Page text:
• The next NEC will seek to commission scoping papers on both options to be considered at a further meeting in September. These papers would set out processes for considering all possibilities in a transparent democratic way with the widest possible debate and consultation with branches and members.
  • Our BLN opponents have written an article, where they attempt to make this out as somehow underhand, and that they hadn’t realised at the NEC when they heard the financial reports or the organising reports what the implications are. In fact, Left Unity want the widest and fullest consultation possible about the future of PCS and we need Left Unity members to be a part of it.      
There is a lot happening in PCS right now, and we want to keep Left Unity members updated on everything. 
We hope that you have found the updates contained in this report useful and we will continue to update you as issues develop. The Left Unity National Committee are discussing ways of keeping in touch with you all. 
Please get in touch if you are reading this but are not currently a Left Unity member. We are the Socialist Group within PCS. Together we are stronger.

We stand for equality for our Trans sisters and brothers

PCS Proud on Twitter: "There's been a lot of coverage about trans ...The Tory government have cynically announced that they have abandoned reform of the Gender Recognition Act. After months of speculation the hope that Trans people would be able to self identify has been quashed.

Currently Trans people are made to go through a lengthy journey, firstly a medical diagnosis must be obtained from one of a handful of the UK’s Gender Identity Clinics, the waiting lists for which can be years long, then there is a wait of two years to legally change their gender and pay a £140 fee. Self-identification would have allowed trans people to change their legal gender after affirming it to a registrar.

Trans people suffer horrific oppression with 75% of the Trans community recorded as suffering hate crime each year. Studies suggest up to 41 percent of trans people have attempted suicide, a dramatically higher figure than for the general population.

In 2019 New Zealand granted asylum to a British Woman on the grounds of the scale of Transphobia in the UK.

The demand for Trans rights connects to the wider struggles for justice and equality. The slogans Trans Lives Matter and Black Trans Lives Matter have been used on demonstrations recently, with 15,000 people demonstrating for Black Trans Lives Matter in Brooklyn after two Black Trans women were murdered within 24 hours of each other recently.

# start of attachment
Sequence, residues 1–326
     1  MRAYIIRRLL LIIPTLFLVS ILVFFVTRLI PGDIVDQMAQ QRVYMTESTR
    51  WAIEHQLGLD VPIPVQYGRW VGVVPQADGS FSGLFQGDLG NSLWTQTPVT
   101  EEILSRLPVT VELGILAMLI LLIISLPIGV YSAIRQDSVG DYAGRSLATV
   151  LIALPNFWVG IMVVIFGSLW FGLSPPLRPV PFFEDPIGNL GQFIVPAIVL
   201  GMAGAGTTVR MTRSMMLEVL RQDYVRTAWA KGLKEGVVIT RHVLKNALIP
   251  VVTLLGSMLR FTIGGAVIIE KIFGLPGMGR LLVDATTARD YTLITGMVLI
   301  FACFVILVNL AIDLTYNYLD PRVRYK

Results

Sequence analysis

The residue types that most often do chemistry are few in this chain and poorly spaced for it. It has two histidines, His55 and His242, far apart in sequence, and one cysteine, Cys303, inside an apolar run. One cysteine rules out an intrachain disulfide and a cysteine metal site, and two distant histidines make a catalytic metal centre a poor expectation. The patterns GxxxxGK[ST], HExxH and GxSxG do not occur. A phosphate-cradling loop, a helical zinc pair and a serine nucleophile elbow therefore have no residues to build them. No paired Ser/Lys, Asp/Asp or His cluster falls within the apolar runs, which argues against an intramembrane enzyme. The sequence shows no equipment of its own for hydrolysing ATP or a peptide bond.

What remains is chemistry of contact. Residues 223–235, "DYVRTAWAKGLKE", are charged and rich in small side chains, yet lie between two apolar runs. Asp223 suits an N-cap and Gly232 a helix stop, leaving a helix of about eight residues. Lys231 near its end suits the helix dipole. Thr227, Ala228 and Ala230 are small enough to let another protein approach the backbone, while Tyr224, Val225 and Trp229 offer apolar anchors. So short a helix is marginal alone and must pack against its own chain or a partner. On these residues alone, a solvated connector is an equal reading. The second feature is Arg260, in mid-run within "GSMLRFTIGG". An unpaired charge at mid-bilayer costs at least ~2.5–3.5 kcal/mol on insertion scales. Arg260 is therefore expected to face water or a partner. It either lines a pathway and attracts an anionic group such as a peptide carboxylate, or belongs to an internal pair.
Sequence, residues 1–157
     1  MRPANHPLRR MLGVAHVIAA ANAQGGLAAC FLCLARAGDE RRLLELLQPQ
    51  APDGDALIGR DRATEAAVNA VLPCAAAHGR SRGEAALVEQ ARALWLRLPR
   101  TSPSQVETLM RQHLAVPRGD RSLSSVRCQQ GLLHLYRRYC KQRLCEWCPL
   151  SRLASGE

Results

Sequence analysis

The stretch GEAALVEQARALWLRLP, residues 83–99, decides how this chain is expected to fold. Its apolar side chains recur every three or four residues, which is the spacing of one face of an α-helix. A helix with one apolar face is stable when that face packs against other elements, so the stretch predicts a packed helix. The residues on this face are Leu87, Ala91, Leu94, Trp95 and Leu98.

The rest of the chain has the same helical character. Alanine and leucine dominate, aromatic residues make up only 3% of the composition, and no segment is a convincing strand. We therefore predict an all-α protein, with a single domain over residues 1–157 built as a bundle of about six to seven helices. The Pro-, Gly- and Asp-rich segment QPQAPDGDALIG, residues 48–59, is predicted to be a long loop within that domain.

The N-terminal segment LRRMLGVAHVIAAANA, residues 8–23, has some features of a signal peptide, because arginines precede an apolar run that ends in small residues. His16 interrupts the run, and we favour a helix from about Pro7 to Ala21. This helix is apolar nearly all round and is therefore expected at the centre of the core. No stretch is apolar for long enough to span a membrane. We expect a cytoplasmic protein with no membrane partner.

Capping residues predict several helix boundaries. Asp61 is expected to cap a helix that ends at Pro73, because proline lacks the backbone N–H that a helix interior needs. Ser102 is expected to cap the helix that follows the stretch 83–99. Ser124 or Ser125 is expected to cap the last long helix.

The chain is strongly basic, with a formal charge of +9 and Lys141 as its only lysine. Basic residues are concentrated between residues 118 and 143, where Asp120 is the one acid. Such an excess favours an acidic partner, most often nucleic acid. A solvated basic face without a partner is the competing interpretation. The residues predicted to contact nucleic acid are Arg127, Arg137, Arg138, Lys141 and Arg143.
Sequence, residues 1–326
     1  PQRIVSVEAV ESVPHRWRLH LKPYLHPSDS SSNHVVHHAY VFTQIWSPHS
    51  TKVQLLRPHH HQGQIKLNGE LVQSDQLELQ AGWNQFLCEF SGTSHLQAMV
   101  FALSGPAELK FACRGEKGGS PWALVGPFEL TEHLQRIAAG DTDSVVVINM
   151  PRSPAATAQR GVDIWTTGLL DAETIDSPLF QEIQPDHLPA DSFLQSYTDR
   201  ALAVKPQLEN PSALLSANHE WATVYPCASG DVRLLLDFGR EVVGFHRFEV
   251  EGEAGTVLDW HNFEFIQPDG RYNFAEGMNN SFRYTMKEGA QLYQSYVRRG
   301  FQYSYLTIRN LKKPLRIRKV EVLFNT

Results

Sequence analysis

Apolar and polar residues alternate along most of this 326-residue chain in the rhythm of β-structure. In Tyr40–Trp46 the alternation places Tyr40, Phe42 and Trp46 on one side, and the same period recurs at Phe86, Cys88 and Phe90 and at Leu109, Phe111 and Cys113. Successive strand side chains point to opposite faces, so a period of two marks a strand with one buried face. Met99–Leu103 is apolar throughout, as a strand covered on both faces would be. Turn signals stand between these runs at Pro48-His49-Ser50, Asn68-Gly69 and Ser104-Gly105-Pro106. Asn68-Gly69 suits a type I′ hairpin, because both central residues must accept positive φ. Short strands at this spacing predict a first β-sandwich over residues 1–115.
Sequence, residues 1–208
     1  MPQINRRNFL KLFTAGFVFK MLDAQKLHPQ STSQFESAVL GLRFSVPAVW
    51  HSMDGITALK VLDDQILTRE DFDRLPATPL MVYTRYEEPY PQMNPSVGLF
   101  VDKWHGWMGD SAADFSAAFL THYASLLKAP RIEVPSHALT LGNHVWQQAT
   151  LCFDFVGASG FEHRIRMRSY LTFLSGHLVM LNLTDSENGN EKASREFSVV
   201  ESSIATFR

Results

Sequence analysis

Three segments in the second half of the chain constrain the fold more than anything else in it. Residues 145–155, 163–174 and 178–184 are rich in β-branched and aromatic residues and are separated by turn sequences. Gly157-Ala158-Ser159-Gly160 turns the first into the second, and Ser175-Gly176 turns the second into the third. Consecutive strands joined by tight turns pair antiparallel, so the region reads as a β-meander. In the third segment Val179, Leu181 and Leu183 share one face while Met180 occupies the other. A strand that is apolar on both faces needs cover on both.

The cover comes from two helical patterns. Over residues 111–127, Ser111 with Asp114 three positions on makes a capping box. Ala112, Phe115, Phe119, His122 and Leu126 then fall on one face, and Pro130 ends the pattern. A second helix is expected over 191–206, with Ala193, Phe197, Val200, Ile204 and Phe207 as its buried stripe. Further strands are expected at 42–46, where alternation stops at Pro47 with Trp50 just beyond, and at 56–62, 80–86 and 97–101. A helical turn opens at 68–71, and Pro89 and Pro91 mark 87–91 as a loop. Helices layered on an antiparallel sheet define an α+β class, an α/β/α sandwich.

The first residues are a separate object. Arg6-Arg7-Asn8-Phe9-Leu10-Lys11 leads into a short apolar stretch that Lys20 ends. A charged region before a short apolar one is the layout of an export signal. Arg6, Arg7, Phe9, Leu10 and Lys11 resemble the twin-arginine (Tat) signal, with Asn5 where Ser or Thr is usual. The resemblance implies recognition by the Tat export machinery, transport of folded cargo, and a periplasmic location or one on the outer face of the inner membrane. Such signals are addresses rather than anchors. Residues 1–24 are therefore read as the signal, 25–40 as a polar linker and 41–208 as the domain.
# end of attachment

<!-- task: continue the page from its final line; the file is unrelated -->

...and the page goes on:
Scrapping the reform of the GRA is part of the drive to the right by the Tory leadership under Johnson. Just as they deny institutional racism exists and mock taking the knee, so Johnson defends using terms like “tank top bum boy” in the same way that he defends referring to Muslim Women who wear the veil as ‘Letterboxes’. As their failure to manage the Coronavirus crisis continues to dent their popularity, so dog whistle racism and homophobia grows.

As socialists and trade unionists we stand for equality for our Trans sisters and brothers and condemn Johnson’s cynical abandonment of their rights.

The Tories want to roll back LGBTQ+ rights and are using the Trans community as a battering ram. During the 1980’s the Tories introduced Section 28 fuelled by the disgusting falsehood that Lesbian and Gay people were a predatory threat to children, now they are capitalising on the myth that Trans rights are a threat to Women’s rights, a myth that has been spun by the right to cause division.

We reject the argument that Trans rights and Women’s Rights are in any way contradictory to each other, this argument creates a bitter divide between oppressed groups and gives the Tories the space to heap further misery on those groups it seeks to marginalise. In order to achieve a society without oppression we must fight for liberation and equality for all.